One of these days, we will all look back and have a good, long laugh about how much trouble this website gave us. But that day is still  18 days away (whoa, what?!). So until then, suck it up. You'll thank us for working so hard on it. Meantime, take a look around. Listen to some music. And remember that we love you!

Ben & Melanie



A Kind of Introduction, & A Thank You

I've spent a considerable amount of time trying to find something to put here. I want to have something here that is poignant, and funny, and generally three-dimensional. But mostly I want something that takes about four and a half minutes to read, so that you will stay on this page long enough to let the whole song play. If I were a smart girl, I would remember that reading while listening to music is a disservice to everyone involved--authors and musicians and audiences alike. But we seem to live in frenetic times, full of fleeting moments. Life too often demands more bandwidth than one person should ever be forced to reckon with. If it were up to me, us grownups would get afternoon naps,  a half-hour recess after lunch (complete with yoga mats, swings, and monkey bars), and an hour to read every night before bed. At this point, though, it's not up to me. But I figure I'm still young, so I have time to work on that. Again, you'll thank me.

Meantime, there's the little problem of these four and a half minutes. Do I quote a passage from A Practical Wedding? Do I post the lyrics to the song that's playing and hope for the best? (That just seems too easy.) I spent at least an hour staring at our book collection, thinking about Garrison Keillor, and how Leaving Home was my closest companion while living in Niger. About Pablo Neruda and  E E Cummings, and the way they have painted a pastoral on my twenties. About Lewis Nordan and Richard Bach, who continue to change my life with every reread. Nothing quite fit the way I wanted it to. First and foremost, this website, and this wedding, is about Ben and Melanie, not Melanie and her addiction to alliteration. So stealing literature was basically out.

There's also the problem of timing, and of time; many of y'all are incredibly fast readers. At least two of you could probably read a chapter of Absalom, Absalom! in four and a half minutes. (Please do not go and try to do this now. I'm trying to have a conversation with you, here.) I'm just going to have to find something that looks long enough and stick to it.

So, then: what fits? How do I explain what this particular wedding means to these two particular people? Is there a way to speak meaningfully about the community we have chosen, and that--as part of that community--your coming to our wedding means much, much more than a big party with dinner and dancing, homebrew and hand-picked flowers? When I think of what's ahead of us on June 30, I think about seeing your lovely beaming faces and--depending on what kind of day I'm having--I either squeal or cry with joy. When Ben & I finally (finally) finished the guest list, we looked at all of your names and got a little lightheaded. It was surreal and wonderful.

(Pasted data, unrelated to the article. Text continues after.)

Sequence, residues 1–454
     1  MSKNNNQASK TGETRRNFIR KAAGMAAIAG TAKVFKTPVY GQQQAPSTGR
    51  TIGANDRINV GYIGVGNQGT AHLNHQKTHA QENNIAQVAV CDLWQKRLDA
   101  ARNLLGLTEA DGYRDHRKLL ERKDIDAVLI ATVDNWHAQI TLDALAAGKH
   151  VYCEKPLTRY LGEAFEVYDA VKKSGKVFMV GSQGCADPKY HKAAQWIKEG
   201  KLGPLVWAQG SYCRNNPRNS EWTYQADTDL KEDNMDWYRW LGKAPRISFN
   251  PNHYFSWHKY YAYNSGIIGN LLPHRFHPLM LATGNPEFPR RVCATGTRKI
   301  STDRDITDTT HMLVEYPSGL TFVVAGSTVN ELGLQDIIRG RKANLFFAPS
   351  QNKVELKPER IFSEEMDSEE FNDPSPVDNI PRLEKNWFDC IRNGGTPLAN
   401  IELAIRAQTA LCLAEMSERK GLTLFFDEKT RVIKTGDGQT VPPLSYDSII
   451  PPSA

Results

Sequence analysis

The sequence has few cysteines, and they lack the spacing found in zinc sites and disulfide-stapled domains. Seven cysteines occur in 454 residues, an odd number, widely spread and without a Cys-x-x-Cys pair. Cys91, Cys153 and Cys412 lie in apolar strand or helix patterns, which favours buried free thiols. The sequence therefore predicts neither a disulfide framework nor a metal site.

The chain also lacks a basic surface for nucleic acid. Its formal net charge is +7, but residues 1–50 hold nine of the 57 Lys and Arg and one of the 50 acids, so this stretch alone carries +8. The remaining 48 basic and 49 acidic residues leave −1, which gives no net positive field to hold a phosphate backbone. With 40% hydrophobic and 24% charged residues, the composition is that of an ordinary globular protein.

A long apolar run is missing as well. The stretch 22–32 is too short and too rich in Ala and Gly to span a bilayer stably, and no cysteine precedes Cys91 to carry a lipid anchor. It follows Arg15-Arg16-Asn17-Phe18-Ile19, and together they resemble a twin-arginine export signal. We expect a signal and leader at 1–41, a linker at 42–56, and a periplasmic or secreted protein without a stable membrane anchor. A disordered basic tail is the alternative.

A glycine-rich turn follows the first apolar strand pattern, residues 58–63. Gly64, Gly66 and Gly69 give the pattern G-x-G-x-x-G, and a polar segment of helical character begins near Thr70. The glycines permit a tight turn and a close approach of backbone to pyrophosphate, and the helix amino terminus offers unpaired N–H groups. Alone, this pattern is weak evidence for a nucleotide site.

I feel bad for people who don't have friends and family as awesome as we do. But I try not to feel too bad for too long, because whoa--that's a whole mess of people. Hell, it's most of the world. Our enormous good luck to have each other, and to have you, is not lost on us. Each of you has helped us become who we are--as individuals, and as a couple. Hopefully you are already aware of this. If not, then you should say something, because that means that we have clearly been going about this all wrong.

It's no secret that Ben & I love a challenge--so it naturally follows that we end up being challenging people. More often than not, we want the best from people, even when we're at our worst. And so here you are--the people who have seen each of us rise to a challenge to best our best, and fall on our faces at our worst, and you're still here. Still here to hold a shaky hand, to snap a photo, to turn the music up. There to answer the phone when you're several time zones away, to stay up until all hours of the night to talk about nothing. To walk beside us on new adventures: to jump up when our favorite song comes on, to shout with excitement at thousand-pound bears, to swim with summer fish in a hidden pond, to sing power ballads after one am, to wander wet streets and ride roller coasters and work and pound our fists and camp under 500-year-old trees and trek through snow and keep searching for the best--of everything, and more often than not finding it in each other. To laugh and rail and argue and cry and hug and be your best selves. Your support and friendship has helped shape our lives, has molded Ben and I into two people whose hearts beat in rhythm, whose lives together make something complete and whole. There is no unit to measure this kind of love.

Does a custom-made, graphically unique invitation appropriately show gratitude to a person for being who they are? I doubt it. How about playing a little sweet music and writing a few sweet words? Seems unlikely. What about sharing the day that two people come together to build a brand new family? I think that's a start. Gratitude to me is about reciprocity and persistence. We try to show it, and fail, and try again, and I think in a lifetime of trying we start to get somewhere close.

"Stars, hide your fires!
These here are my desires
And I will give them up to you this time around
And so, I'll be found
With my stake stuck in this ground
Marking the territory of this newly empassioned soul!"


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